London meanwhile, which at £13 million gets the lion’s share of the funds, will turn more than a dozen streets in Hackney into “electric streets,” complete with charging stations integrated into the street lights. It will also develop a low-emission zone in Harrow offering parking and ‘traffic priority’ to plug-in vehicles.

Nottingham and Derby, which will receive a joint £6 million award covering the two neighboring cities, will install 230 charging stations for plug-in vehicles, as well as offering discounted parking to plug-in owners and free access to 13 miles of bus lanes in both cities. Additionally, a new support program will be set up for local businesses allowing them to try an electric or plug-in car for their business before committing to buying one.

Milton Keynes, already a supportive city for EVs, will receive £9 million from the funding program to open all 20,000 parking bays throughout the city to be free for electric cars, as well as giving plug-in vehicles access to bus lanes without fear of penalties. Additionally, plug-in owners will be allowed to use the same priority lights as busses and taxis at intersections, allowing owners of plug-in cars to get through the morning rush hour quicker than petrol and diesel car drivers.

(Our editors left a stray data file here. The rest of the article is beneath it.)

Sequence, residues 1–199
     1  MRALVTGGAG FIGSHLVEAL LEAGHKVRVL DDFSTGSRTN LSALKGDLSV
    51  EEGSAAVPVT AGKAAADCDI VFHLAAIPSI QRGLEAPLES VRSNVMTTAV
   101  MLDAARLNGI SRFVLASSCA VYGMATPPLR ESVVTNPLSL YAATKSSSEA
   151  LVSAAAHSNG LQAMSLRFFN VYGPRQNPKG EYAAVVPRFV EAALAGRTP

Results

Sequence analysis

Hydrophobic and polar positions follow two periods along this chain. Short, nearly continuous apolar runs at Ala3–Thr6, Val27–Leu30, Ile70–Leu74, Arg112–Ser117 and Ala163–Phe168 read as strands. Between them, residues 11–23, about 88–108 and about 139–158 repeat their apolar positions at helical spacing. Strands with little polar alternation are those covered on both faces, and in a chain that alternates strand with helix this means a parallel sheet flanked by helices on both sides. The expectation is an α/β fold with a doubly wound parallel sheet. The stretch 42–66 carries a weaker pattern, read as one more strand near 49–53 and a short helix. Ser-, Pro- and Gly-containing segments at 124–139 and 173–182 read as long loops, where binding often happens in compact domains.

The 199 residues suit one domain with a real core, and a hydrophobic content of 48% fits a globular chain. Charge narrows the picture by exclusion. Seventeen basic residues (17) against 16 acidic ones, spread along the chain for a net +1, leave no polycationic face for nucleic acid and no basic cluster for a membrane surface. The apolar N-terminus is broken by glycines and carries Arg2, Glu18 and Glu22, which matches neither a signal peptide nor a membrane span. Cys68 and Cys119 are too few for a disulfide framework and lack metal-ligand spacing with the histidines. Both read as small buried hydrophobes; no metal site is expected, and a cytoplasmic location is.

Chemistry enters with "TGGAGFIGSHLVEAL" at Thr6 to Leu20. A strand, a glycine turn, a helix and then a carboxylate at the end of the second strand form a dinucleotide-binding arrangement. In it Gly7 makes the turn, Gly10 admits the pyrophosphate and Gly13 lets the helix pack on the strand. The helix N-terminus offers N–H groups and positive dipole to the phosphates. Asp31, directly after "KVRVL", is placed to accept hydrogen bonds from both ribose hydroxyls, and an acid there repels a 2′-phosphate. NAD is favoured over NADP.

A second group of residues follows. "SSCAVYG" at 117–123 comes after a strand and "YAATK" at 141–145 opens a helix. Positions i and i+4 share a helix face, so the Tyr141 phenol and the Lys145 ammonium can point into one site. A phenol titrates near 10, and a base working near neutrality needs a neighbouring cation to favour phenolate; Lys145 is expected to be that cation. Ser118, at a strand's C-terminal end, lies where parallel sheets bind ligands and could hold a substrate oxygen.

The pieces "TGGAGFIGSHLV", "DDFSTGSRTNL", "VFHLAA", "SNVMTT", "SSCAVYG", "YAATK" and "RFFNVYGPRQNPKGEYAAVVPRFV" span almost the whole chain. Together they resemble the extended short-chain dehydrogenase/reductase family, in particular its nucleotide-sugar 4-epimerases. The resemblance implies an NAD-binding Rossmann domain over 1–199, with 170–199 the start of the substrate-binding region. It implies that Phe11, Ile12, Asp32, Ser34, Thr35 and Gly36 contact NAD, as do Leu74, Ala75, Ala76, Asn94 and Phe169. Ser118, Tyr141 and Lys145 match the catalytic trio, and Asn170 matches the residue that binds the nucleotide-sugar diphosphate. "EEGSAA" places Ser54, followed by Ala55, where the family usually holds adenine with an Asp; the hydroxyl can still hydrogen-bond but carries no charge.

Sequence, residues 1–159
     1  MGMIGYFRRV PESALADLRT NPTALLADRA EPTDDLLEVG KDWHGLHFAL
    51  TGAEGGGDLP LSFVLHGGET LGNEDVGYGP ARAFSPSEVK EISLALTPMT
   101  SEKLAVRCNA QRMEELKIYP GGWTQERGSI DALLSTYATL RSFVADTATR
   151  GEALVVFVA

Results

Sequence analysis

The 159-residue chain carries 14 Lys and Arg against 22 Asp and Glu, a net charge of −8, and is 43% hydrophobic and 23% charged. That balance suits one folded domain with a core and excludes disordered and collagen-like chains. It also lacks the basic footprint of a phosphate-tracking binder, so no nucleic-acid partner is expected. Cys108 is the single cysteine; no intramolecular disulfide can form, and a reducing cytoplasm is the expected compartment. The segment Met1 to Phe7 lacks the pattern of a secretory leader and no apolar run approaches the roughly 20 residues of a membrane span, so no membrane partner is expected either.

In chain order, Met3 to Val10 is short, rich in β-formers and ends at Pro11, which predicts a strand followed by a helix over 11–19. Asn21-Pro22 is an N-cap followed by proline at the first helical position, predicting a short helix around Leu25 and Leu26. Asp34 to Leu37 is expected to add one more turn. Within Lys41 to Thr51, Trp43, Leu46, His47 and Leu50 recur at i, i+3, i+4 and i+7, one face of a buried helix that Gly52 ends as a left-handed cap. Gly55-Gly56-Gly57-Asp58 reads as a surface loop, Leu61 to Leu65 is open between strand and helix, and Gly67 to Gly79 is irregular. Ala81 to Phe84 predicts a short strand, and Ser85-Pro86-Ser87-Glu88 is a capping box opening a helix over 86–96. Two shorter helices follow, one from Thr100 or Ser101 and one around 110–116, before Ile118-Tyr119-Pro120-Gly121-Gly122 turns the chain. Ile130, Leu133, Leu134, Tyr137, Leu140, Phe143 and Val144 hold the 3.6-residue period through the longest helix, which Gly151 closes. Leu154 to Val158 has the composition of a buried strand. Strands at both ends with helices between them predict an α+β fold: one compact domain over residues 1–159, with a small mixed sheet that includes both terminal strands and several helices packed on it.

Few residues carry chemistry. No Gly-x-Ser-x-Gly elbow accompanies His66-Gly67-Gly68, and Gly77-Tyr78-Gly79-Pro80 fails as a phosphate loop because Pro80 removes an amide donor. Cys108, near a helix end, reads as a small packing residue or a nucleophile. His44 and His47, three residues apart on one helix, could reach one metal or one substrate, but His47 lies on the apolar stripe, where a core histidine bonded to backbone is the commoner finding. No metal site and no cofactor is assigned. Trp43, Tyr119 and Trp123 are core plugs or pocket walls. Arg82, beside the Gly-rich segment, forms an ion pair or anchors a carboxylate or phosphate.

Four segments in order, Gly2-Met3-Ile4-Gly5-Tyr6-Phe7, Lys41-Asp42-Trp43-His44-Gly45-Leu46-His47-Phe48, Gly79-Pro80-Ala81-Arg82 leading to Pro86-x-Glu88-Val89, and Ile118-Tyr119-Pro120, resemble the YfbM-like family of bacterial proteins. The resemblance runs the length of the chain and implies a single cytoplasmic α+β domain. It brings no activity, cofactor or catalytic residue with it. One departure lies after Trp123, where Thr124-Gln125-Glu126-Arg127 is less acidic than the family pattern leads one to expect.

In addition to the four key ultra-low cities, the UK government has also announced a smaller £5 million fund to develop specific initiatives in Dundee, Scotland, Oxford, York, and the north east of England. These include commuter charging hubs in Dundee, and solar-powered charging canopies at park and ride sites in York.

Free parking and use of carpool and bus lanes are being proposed in some of the cities awarded funds.

Free parking and use of carpool and bus lanes are being proposed in some of the cities awarded funds.

Here at Transport Evolved, we’re glad to see further investment in electric vehicle infrastructure and the establishment of additional incentives and perks designed to encourage more people to make the switch to an electric vehicle. Having experienced rush hour in all of the four major cities receiving a share of the £35 million fund, we can certainly testify that access to key bus lanes will certainly help in cities where such programs are being implemented.

But with each city offering slightly different initiatives and programs, it may take some time before electric car owners new and old alike can get their heads around the different rules for each city. Until such measures are adopted on a broader basis, we think it still may cause some nasty headaches for those who are trying to work out just which incentives apply to them — and could confuse, not enlighten buyers to boot.

Do you live in any of the cities mentioned? Do you welcome the scheme? Or do you feel the UK government should adopt a nationwide policy?

Or perhaps you live elsewhere in the world and wish your local city or government would adopt the same kind of perks? Which ones would you adopt if you were in charge — and how would you pay for them?

Leave your thoughts in the Comments below.